Question: Can you take "penalty-free" withdrawals from your IRA before age 59-1/2? Answer: Yes and no, so read on before hopping online to drain your IRA account.
So, can you think of any good reasons to tap your IRA account before age 59-1/2? Likely there are a number of good reasons you might be eying your IRA as it bounces up and down with years to go before you turn age 59-1/2. For example, you might see it as potential capital to start a business, as rescue capital, or (if you're in a really good place) as the start of an early retirement. Of course, there are a few good reasons for leaving it alone – heavy tax hits and penalties – and for that Forbes has recently offered some uncommon advice for withdrawing from your IRA early and penalty free.
Conventional wisdom says to leave your IRA alone until age 59-1/2, or else pay a 10 percent penalty on withdrawals. However, there are allowances for penalty-free distribution in the case of serious financial hardship, higher educational expenses, or even the cost of a first home. What is far less known is the 72(t) exception for Substantially Equal Periodic Payments (SEPP). Essentially, the IRS regulations allow "annuitization" of your IRA, so you can receive distributions straight from your IRA by taking them as a series of "substantially equal periodic payments." The payments, once initiated, act much like "required minimum distributions" because you must withdraw an amount determined by your life expectancy (or the joint life expectancy of you and your beneficiary) and at regular intervals, at least annually. Once initiated, you must take these distributions for 5 years or until age 59-1/2. Thereafter, you can either elect to reorganize your distribution pattern or hold off entirely until the actual required minimum distributions set in at age 70-1/2.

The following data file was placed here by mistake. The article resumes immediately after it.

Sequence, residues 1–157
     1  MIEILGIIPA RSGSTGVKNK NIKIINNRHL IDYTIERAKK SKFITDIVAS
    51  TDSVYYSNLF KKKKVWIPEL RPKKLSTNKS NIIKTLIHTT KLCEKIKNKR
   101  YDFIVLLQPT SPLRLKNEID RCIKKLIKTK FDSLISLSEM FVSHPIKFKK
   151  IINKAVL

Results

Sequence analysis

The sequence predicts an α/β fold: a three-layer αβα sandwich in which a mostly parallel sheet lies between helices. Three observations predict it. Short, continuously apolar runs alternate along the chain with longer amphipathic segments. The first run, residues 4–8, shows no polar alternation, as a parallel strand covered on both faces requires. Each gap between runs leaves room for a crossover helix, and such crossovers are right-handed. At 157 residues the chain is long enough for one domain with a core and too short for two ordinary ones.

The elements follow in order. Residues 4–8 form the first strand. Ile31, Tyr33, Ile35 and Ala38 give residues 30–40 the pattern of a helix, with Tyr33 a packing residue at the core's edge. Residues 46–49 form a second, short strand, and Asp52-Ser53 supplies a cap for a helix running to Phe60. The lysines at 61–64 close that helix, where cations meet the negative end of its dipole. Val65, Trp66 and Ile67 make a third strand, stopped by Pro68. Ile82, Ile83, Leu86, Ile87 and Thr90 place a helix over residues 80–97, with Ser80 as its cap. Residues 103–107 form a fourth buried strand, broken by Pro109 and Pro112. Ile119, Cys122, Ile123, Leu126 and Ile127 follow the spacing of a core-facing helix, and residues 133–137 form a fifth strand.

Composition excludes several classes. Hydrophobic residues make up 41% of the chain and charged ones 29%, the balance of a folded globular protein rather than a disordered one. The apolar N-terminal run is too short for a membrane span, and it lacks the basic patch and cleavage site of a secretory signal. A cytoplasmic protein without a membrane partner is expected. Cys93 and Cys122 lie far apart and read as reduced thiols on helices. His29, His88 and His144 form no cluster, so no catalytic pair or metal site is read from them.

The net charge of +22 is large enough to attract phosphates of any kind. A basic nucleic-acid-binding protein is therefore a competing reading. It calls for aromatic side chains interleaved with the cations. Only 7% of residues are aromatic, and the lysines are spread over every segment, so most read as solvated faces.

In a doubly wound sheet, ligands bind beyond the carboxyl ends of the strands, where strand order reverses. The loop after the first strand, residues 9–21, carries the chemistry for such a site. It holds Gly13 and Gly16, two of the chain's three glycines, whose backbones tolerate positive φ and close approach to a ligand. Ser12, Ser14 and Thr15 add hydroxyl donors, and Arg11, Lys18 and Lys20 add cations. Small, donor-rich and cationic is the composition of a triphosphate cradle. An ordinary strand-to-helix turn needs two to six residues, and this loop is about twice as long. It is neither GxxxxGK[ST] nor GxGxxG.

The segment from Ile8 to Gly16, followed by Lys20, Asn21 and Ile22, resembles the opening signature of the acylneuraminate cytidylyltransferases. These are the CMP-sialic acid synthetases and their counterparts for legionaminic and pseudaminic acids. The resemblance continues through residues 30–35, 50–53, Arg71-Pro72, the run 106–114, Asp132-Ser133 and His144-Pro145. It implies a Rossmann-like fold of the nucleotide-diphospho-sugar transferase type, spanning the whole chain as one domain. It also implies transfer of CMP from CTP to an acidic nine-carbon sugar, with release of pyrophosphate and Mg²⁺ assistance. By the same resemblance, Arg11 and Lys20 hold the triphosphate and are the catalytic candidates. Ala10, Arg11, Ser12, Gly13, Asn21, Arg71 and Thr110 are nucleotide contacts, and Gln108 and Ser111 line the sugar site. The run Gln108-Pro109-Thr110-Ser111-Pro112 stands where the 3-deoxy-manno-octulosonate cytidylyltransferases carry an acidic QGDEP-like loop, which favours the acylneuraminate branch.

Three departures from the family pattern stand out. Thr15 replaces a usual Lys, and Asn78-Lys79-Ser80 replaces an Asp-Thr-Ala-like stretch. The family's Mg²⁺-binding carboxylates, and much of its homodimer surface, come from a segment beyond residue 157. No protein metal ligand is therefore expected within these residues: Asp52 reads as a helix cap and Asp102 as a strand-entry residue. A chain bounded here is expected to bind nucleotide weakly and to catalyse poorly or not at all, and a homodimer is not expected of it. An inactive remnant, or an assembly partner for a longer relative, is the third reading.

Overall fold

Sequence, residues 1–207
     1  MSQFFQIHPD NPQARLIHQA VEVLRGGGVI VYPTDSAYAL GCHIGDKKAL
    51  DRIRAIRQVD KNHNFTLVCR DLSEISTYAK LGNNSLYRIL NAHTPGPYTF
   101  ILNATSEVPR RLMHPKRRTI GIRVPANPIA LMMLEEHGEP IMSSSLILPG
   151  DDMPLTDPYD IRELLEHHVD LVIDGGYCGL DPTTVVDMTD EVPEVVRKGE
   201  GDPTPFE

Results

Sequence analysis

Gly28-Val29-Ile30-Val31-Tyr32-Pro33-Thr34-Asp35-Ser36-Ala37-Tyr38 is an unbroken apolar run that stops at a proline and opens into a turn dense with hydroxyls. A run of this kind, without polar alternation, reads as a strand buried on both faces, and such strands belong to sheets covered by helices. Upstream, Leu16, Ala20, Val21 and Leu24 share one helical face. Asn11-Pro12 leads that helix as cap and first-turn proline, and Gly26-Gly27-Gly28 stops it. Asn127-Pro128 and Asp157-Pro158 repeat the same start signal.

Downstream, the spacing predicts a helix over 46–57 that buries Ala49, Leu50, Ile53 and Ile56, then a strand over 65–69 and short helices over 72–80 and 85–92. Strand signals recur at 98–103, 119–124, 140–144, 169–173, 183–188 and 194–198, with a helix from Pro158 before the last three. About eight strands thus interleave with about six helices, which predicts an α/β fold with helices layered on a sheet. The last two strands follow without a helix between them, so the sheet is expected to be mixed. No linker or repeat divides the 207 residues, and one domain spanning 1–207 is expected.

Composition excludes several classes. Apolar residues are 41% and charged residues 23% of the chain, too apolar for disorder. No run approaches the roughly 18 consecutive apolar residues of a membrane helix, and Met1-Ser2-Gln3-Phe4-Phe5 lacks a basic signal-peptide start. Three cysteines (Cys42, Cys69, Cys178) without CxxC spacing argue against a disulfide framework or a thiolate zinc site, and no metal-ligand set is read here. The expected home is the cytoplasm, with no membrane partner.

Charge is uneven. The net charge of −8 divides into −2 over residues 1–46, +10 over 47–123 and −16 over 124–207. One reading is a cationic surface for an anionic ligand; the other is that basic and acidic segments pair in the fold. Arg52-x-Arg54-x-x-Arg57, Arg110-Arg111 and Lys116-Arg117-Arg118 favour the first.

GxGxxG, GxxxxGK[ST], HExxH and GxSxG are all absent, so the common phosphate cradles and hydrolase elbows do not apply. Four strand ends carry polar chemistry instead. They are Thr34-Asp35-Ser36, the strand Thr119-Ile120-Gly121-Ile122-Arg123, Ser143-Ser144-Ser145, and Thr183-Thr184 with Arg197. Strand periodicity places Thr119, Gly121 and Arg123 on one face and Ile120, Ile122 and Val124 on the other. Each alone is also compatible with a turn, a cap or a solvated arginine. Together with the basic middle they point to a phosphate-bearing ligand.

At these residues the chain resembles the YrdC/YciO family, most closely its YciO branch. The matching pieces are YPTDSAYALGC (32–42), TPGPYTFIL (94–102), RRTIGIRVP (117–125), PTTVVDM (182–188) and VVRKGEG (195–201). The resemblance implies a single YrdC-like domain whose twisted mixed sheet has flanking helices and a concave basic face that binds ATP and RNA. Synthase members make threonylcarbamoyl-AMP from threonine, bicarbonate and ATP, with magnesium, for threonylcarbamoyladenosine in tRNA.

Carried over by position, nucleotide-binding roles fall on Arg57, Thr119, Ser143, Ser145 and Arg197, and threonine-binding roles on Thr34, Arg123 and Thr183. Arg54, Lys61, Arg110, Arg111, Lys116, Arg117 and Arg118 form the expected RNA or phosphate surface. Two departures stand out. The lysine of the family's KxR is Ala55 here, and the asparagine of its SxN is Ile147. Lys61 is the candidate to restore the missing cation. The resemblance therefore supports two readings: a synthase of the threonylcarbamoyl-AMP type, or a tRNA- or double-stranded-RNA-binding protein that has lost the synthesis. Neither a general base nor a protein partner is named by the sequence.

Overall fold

The process, as you would imagine, is fairly complicated and that alone probably accounts for its relative under-use. To see it in action, consult the original Forbes article (but even they found it simpler to reiterate the examples and information from the IRS’s FAQ). While tricky, and perhaps a little risky, understanding your IRA withdrawal options may offer some practical solutions to your early-retirement plans.